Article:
Arthur Woods «The Cosmic Dancer» 1993 - 2003.

Arthur Woods, Cosmic Dancer 2, 1993

The Cosmic Dancer, created in 1993 by Arthur Woods, an American artist living in Switzerland. The primary viewers for The Cosmic Dancer lived with the «terrors and pleasures of levitation» in conditions of zero gravity. A sharp-angled form launched to the Mir Space Station on May 22, 1993, The Cosmic Dancer stressed the cultural dimension of space since it created the experience of art integrated into a human environment beyond Earth.

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Arthur Woods, Cosmic Dancer, 1993
Cosmonaut Gennadi Manakov dancing with the Cosmic Dancer Sculpture.

The video that documents the project shows the two Russian cosmonauts Alexander Polischuk and Gennadi Mannakov performing (rotating, hovering, flying) with the sculpture in the confines of Mir, where the sculpture was left. The flaming remnants of the Mir space station plunged into the South Pacific on March 23, 2002. In the case of Arthur Woods, the performance of the cosmonauts complements his project.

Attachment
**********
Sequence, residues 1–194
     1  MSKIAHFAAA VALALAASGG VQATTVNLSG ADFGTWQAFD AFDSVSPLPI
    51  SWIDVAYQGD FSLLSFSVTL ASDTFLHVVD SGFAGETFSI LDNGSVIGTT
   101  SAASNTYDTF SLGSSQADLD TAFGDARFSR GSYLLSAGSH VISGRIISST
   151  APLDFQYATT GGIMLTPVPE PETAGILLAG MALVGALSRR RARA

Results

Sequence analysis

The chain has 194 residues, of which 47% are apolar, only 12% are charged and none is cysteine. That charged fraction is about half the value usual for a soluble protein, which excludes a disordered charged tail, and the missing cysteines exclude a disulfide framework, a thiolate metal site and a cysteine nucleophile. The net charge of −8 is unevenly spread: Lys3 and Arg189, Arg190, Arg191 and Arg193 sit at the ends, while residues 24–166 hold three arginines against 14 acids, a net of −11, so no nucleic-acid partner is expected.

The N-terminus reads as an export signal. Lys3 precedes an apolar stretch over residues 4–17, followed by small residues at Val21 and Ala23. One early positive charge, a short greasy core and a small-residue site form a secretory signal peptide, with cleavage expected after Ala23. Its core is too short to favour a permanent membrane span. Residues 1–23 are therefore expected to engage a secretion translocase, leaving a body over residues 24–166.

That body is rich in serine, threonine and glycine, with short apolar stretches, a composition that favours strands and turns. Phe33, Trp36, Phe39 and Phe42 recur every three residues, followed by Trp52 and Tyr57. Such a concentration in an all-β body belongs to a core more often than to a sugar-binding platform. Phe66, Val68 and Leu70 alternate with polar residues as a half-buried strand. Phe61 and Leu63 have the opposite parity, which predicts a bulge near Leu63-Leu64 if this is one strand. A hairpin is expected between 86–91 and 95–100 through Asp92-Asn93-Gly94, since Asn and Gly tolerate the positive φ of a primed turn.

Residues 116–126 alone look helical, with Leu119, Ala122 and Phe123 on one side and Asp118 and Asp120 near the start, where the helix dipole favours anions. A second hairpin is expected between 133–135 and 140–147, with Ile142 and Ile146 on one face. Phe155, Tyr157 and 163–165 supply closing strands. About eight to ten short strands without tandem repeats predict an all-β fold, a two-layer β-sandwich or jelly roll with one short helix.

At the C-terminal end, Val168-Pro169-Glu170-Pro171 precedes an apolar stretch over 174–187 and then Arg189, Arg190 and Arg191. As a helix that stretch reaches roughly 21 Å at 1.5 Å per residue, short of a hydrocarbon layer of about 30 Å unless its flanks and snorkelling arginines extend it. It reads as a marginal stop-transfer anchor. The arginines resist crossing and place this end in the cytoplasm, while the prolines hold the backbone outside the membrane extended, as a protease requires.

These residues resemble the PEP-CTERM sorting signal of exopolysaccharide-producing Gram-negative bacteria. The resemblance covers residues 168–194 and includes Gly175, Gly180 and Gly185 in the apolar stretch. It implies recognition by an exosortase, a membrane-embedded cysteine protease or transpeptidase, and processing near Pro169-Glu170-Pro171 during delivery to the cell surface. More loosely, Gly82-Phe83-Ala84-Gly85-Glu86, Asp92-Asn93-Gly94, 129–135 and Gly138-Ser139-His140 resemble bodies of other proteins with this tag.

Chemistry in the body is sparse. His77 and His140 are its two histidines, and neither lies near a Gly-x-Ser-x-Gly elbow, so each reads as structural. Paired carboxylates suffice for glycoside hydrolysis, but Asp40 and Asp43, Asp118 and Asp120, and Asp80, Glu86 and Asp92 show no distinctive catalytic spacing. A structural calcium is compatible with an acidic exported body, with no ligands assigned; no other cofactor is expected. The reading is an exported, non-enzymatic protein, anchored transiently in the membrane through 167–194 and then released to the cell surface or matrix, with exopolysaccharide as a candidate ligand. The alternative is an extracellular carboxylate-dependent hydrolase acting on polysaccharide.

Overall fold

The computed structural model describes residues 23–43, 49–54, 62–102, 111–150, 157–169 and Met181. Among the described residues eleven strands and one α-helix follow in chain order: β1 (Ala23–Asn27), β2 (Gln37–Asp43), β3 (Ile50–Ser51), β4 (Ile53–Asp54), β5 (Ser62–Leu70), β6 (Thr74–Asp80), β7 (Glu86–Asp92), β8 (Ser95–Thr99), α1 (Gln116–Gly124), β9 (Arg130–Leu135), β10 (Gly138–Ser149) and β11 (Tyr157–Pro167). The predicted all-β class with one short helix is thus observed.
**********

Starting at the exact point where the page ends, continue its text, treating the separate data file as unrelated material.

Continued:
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As one watches the video documentation, one feels that the cosmonauts stand vicariously for all viewers, that is, all those who in the future will have the opportunity to experience space as a social and cultural milieu, and not only as a research lab. The Cosmic Dancer opens a new world of speculative inquiry into the future of art in worlds other than the Earth. While we remain confined to the blue planet, artists seeking to explore levitation beyond magnetism and electromagnetism can investigate advanced techniques presently only found in research laboratories. A high-temperature electrostatic levitator allows the control of heating and levitation independently and, unlike an electromagnetic levitator, does not require that the floating object be a conductor of electric charge. Acoustic levitators enable the suspension of liquids in a state of equilibrium through acoustic radiation force. Also, liquids can be suspended by a gas jet and stabilized by acoustic forces. Superconductor levitators enable objects to float above a magnet in fog of liquid nitrogen. With a laser levitator it is possible to trap gas bubbles in water and create a condition of stable levitation by applying optical radiation pressure of the light beam horizontally and vertically. At last, as levitation touches biology, molecular magnetism is predicated on the application of ordinary but very strong magnetic forces over a regular object. The forces are directed upwards and take advantage of the very weak magnetic response of the object present in the field, enabling the levitation of objects usually not regarded as capable of levitation (such as plastics) and living organisms (plants, insects, small animals -- and conceivably humans, if the field could be made strong enough). These techniques offer a glimpse into what might be possible when life in the international space station becomes more common, when colonization of the Moon goes from science fiction to science fact, and when the space program overcomes what, in the public opinion, is its most exciting challenge: the Mars landing. The creation of new alloys and compounds in zero gravity and the prospect of interplanetary colonization suggest that space exploration is more than a metaphor in art. It is a physical and conceptual challenge that must be met.